On Short Notice: Red Onions For Glutathion & Jiagulan For Muscle Glycogen, Low Iron & Obesity, Sodium Caprate, Useless Probiotics & Leaky Gut, Perivascular Fat & Heat Shock Proteins for Your Heart & Magnesium vs. Migraine

Image 1: You may already have read it on the SuppVersity Facebook Wall; "Sacrificing sleep in order to study won't improve your college grades..." it could however easily whack your circadian rhythm and give you headaches. If those turn into a migraine, you may be happy to have read about beneficial effects of magnesium on the incidence of these crippling and painful attacks (see last item in this installment of "On Short Notice" ).
In order to avoid having another weekend of "On Short Notice" posts, I decided to post the first collection today, already. The topics are, as usually, only loosely related and I hope that each and everyone of you will find something he or she considers interesting. We'll start out by having a brief look at the amazing antioxidant effects of red onions, and then delve deeper into the connection between obesity and low ferritin levels and a brief reminder that sometimes good things can become bad, if they are not handled properly, next on the list are the tight gut junction opening effects of sodium caprate which may be a good thing if your goal is to increase the bioavailability of berberine, but a very bad thing, if other molecules take the opportunity and pass through the open doors, as we are then going to see Dr. Shirota's probiotics are probably not going to help you avoid this problem and they are certainly not helping patients with metabolic syndrome: The latter is probably also true for PPAR-gamma antagonists, which may help prevent visceral fat accumulation, but could at the same time precipitate to heart disease by decreasing the surprisingly heart-healthy perivascular fat.
Although more of an ergogenic, Gynostemma penthaphylum (aka Jiagulan) is probably a more promising strategy to get in better shape. If it allows you to train harder, it will also allow you to make better use of potential systemic health effects of exercised induced heat shock protein expression... and just in case all that was so much information that you are having a headache once you have arrived at the end of this blogpost, a 500mg dose of magnesium could help you reduce the incidence of migraine attacks by more than 60% whether additional 500mg of carnitine make this treatment even more effective does yet remain to be elucidated!
  • Do your liver and body antioxidant system a favor and add a couple of red onions to your diet! That's the straight forward take home message from a recently conducted study by a group of Korean scientists (Lee. 2012). The researchers had investigated  the effect of red onion on the total activity of antioxidant enzymes in 18-week-old Sprague-Dawley rats. To this ends the rodent had been kept on a diet enriched with red onion peel, flesh or both (all pulverized and mixed into the standard chow for a total content of 5g per 100g) for for weeks.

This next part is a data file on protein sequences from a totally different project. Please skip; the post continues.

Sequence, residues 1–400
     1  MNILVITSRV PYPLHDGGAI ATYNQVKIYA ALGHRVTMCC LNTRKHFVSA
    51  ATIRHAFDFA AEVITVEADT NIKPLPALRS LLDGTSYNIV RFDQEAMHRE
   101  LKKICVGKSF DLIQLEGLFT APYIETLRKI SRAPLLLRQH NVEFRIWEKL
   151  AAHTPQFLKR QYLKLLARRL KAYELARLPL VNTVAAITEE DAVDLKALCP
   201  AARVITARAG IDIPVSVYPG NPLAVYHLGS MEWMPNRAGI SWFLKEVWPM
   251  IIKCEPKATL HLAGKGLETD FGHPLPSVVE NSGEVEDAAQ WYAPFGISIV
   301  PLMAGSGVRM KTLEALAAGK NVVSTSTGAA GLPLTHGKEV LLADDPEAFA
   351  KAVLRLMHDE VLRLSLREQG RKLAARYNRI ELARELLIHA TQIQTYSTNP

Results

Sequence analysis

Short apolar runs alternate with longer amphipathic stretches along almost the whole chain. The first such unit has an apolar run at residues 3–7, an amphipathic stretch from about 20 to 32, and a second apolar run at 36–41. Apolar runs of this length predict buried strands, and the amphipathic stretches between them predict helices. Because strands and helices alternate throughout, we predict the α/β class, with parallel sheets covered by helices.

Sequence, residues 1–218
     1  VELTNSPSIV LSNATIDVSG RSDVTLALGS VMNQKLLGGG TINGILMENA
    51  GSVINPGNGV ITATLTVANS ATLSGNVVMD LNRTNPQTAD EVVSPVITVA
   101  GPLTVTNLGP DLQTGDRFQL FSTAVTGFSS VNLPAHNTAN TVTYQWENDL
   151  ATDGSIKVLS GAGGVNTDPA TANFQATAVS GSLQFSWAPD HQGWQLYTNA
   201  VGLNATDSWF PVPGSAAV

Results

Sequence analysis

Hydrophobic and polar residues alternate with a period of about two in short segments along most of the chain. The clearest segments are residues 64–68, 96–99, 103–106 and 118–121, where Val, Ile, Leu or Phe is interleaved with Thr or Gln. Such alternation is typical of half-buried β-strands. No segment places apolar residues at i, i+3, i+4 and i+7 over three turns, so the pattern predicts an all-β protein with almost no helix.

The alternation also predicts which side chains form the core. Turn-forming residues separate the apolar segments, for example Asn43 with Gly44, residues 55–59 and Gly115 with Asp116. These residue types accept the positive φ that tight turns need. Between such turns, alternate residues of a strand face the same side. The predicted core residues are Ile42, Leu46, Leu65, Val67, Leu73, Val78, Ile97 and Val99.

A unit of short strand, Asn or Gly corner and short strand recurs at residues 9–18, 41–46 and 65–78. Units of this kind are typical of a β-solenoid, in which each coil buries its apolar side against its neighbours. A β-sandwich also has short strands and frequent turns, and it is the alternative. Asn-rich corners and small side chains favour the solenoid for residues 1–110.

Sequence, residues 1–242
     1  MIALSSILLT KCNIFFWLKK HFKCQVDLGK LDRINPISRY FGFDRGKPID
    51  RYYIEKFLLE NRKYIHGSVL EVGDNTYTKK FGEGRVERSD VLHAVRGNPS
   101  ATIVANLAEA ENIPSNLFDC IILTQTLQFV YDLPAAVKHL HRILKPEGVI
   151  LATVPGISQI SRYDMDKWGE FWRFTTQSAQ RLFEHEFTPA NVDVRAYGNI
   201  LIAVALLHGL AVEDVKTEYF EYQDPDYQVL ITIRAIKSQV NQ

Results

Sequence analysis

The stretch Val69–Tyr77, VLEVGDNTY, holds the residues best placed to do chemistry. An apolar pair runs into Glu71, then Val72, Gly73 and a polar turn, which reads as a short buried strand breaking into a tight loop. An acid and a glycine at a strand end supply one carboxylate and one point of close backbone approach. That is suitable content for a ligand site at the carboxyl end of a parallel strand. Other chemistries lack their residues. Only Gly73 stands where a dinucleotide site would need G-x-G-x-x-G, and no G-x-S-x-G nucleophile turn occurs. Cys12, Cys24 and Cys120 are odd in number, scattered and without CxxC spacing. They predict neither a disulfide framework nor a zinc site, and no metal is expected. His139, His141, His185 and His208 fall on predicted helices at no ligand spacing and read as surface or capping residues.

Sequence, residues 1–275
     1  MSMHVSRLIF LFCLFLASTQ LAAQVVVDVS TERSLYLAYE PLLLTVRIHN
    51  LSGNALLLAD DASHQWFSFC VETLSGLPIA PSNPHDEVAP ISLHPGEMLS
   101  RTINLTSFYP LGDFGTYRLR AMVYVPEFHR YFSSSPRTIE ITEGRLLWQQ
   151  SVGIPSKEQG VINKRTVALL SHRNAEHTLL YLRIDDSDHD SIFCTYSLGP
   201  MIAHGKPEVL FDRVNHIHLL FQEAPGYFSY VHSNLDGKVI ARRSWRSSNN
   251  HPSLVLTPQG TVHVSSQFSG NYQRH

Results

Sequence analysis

Figure 1: The red onions outperformed easily outperformed their uncolored white brethren and cousin, white onions and garlic, in the in vitro dish and had profound antioxidant boosting effects in the in vivo study (Lee. 2012).
    The results, (a) a significant increase in plasma SOD activity in the red onion peel and red onion (peel + flesh) groups, (b) a significantly higher GPX (enzyme that recycles glutathione) activity in the in the red onion flesh group and (c) a general tendency towards higher catalase and ORAC activity in the livers and profoundly reduced liver malondialdehyde (=marker of lipid peroxidation) levels in the red onion groups provide an in vivo (allegedly only "in rodent vivo" ;-) confirmation of the in vitro data in figure 1 which is - as usual - to be treated with caution before respective experiments in complex, real organisms confirm that they are more than artifacts of the respective essay.
  • Low iron (ferritin) associated with obesity in adolescents, but simple eating more iron probably won't solve either the iron deficiency, nor the (central) obesity. That's at least what the results of a recent investigation in normal and fat Greek kids would suggest, after all the fat kids did already consume more iron in their diets than their lean age-mates (Moschonis. 2012).
    What makes this study worth mentioning is the (as usual hasty) conclusion that iron must be a bad guy, when just its mismanagement (probably as a result of adiposity induced liver problems, or, as a handful of older and recent studies would suggest vitamin A deficiency; e.g. Arruda. 2009; Citelli. 2012; Yohsikawa. 2012) is a problem - so don't get fooled, donating blood every other week won't lean healthy people out, it will just drain them out.
  • Figure 2: Sodium caprate won't "open" the tight gut junctions for berberine, only, but also for all sorts of other, mostly unwanted junk - self-induced temporary leaky gut so to say!
    Sodium caprate opens tight junctions of the gut and let's berberine in. The consequence is an amplification of the hypoglycemic effects of berberine (Lv. 2012), but at the same time it is likely to amplify the effects of whatever you else put into your mouth or the critters that live in your stomach are pooping out - I guess it should be obvious that I am referring to the LPS assault from your gut microbiome, here and that the potential increase in lipopolysaccharide could well outweigh (in a negative sense) the benefits you would see from an increased bioavailability (~1.5-2.3 fold; cf. Lv. 2010) of berberine.